The influence of technology in our daily life

Telecommunication equipment, through which information is transmitted, have evolved and formed an important part of our daily lives, we went from the telegraph to WhatsApp and from black and white television, which deserved its own space, to cell phones or high-resolution tablets that can even be taken into the bathroom. But technological devices not only provide practical value, but also aesthetic and symbolic ones that lead us to choose among endless options: not only the most efficient, but also the most beautiful, the one with the best design or the one that gives me the greatest status.

It is therefore worth starting to reflect on technology in our daily lives, questioning not only the way in which we use it, but also why and for what.


We Mexicans spend more than eight hours a day interacting with some technological device connected to the Internet, be it a cell phone, computer or tablet. It is impossible to think that something in which we already spend most of our time cannot have an impact (both positive and negative) on our minds, it does, and technology has marked not only a new way of relating to others, but also also with ourselves.

Properly applied technology helps us, for example: to organize ourselves better, to learn new things, to keep track of our goals and personal progress, or to shorten distances with friends or family. However, the other side of the coin is that, by not being aware, we can bombard ourselves with harmful, stressful information or look for situations in which we are exposed or at risk. Universities are registering more and more cases of depression and anxiety that are directly linked to the use of social networks. According to the Mexican Internet Association, 82% of users connected to the Internet are active in some social network, this being the main activity on the Internet above mailing .and the search for information. In addition, according to the latest research on Internet habits, it was recorded that Mexicans spend an average of eight hours a day online (that is, a working day), with lunch and the end of the day being the hours of greatest traffic. This means that, regardless of whether we are alone or with others, we are online , so where is the time for intimacy with myself and my relationships?

On social networks, we interact and exchange information with people with whom we somehow have something in common, we filter the things we upload or remove from our profiles based on the number of likes , shares or comments .that we receive This “attention economy” depends entirely on our reaction to the interest of others and their responses on social networks. Studies have found that each like generates dopamine production in the brain and the activation of systems linked to reward, which is why networks are so addictive. A good dose of likes and exchanges can indeed make us feel very good and contribute to our self-esteem, the problem comes when in the outside world there is nothing to support my self-esteem and my ties, therefore, the issue with social networks, technology and the mind, has nothing to do with isolating ourselves and depriving us of the exchange, but with grounding how we use them. In the first place, we must keep in mind that in networks we tend to appreciate the moments of achievement of people, the greatestlikes come from successes and exceptional situations, so that’s what people upload the most, not their daily moments of doubt, anxiety or failure. Keeping this in mind is essential, since depressive disorders linked to the use of social networks have to do with comparing our lives and daily moments with those of others, without considering that these are exceptional issues.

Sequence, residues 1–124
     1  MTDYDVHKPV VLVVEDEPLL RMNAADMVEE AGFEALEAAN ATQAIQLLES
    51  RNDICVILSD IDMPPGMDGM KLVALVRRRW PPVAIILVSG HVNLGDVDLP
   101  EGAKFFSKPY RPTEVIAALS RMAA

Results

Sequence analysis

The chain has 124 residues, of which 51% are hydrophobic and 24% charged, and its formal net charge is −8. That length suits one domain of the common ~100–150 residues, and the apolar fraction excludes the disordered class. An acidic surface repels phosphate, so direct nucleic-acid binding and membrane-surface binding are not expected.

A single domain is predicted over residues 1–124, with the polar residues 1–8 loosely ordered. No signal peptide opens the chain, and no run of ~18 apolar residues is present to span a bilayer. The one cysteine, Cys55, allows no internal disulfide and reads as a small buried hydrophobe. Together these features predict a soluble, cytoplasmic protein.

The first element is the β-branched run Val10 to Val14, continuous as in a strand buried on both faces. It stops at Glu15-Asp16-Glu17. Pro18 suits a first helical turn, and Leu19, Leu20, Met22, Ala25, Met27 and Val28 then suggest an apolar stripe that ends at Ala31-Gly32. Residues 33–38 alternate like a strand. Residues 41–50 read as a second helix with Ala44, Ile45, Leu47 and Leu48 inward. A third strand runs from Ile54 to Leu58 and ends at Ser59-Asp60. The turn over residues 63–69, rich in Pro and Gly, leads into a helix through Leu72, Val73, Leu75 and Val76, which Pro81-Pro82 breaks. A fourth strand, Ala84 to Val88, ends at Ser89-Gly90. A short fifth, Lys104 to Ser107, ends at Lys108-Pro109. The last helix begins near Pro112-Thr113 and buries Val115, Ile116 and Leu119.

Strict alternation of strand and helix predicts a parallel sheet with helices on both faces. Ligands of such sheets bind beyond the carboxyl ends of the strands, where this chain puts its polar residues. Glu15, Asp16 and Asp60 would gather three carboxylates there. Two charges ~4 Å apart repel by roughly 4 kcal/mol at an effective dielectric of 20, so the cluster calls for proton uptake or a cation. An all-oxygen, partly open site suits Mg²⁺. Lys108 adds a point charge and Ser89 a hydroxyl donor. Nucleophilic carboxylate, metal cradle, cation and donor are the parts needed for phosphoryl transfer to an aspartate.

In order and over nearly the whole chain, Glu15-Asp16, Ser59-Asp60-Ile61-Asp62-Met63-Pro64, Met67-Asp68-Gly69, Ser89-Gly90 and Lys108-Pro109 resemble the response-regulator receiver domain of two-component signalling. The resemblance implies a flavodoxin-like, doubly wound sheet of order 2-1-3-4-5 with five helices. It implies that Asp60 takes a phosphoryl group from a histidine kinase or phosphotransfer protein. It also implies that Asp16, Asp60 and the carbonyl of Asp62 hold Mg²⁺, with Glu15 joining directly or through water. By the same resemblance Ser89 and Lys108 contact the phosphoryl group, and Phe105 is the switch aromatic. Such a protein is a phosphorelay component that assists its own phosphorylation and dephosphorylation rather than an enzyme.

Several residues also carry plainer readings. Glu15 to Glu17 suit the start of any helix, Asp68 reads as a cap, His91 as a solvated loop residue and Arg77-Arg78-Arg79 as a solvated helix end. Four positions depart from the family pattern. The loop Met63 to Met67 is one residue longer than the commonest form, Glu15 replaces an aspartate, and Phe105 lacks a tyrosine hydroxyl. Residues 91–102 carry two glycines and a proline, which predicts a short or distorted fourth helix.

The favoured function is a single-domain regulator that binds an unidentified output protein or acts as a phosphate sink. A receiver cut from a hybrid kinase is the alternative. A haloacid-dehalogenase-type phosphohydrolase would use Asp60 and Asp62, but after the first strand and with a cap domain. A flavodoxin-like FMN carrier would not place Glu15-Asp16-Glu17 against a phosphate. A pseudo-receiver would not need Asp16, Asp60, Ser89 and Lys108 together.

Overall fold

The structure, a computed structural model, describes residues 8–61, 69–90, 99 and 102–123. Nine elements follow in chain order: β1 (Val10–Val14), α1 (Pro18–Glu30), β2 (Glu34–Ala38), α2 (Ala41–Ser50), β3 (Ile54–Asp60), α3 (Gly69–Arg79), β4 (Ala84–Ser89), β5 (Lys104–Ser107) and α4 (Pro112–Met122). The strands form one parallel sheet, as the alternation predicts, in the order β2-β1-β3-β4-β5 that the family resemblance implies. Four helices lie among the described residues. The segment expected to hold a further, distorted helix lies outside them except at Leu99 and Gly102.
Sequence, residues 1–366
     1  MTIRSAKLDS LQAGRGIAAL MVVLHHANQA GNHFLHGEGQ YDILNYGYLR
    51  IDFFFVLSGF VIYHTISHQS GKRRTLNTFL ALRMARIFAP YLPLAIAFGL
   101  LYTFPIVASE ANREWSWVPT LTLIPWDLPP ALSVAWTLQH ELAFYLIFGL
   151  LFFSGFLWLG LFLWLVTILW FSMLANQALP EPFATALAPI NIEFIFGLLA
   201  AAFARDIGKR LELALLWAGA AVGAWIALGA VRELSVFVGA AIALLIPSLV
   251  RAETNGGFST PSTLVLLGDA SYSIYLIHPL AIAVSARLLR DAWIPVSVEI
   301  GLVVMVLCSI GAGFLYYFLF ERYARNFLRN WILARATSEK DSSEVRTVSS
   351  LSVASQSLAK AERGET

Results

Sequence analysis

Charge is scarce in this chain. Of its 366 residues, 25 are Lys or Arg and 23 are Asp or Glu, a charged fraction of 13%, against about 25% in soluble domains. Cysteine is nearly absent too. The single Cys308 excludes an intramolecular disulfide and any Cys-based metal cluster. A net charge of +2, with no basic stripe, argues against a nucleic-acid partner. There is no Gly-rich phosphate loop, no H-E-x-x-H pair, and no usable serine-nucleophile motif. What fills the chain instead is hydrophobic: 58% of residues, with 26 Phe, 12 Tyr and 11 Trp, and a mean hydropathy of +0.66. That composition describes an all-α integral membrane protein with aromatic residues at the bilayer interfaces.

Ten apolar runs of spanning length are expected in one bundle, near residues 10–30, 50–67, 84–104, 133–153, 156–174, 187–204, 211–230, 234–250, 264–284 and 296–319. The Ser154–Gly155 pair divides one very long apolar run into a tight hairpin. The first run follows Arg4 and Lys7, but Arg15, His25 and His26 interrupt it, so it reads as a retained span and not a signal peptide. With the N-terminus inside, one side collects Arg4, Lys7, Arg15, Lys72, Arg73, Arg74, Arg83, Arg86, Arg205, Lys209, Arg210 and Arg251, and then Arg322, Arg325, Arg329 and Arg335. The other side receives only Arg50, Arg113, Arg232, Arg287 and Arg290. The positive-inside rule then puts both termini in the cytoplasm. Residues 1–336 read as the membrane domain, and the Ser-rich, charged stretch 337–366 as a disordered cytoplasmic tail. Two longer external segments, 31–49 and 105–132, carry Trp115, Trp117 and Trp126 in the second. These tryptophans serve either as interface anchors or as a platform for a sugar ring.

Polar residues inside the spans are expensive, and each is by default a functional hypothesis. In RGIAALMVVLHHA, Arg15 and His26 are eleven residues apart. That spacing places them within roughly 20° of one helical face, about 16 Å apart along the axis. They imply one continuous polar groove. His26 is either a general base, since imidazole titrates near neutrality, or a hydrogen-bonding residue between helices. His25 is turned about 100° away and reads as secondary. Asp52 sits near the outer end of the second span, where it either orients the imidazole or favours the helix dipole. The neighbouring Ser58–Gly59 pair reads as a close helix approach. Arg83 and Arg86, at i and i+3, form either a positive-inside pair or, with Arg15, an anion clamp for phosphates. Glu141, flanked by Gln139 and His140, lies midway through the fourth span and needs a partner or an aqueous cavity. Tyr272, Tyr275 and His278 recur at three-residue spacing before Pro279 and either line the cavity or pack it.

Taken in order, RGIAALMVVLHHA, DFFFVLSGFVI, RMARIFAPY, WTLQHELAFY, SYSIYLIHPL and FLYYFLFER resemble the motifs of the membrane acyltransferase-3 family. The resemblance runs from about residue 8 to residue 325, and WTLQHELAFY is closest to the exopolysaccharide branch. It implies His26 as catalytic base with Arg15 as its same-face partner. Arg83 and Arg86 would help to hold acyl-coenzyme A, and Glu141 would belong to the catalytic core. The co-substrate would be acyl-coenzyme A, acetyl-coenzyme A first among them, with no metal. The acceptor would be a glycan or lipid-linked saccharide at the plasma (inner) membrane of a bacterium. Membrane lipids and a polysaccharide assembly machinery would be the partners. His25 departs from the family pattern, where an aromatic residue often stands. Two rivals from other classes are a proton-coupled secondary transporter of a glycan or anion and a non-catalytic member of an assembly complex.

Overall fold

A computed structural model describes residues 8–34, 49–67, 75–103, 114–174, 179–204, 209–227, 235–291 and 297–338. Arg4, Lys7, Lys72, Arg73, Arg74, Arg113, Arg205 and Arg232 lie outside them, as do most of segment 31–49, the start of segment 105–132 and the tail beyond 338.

Another factor of anxiety in social networks has to do with FOMO , which means fear of missing out , and literally refers to the fear that is generated by remaining disconnected from the networks and thus missing the opportunity to share a photo that would generate many likes or not to find out in real time the gossip of the moment and even feel that we lose the opportunity to connect with others.

We also have phenomena that are not related to what we publish, but to what we observe on social networks. 75% of Internet users have witnessed cyberbullying or cyberbullying and 40% of adult Internet users have experienced it at some point. The vulnerability to which we are exposed is another stressful factor not only in adults, but also in adolescents. According to the Canadian Mental Health Association, high school youth who spend more than two hours a day on social media report higher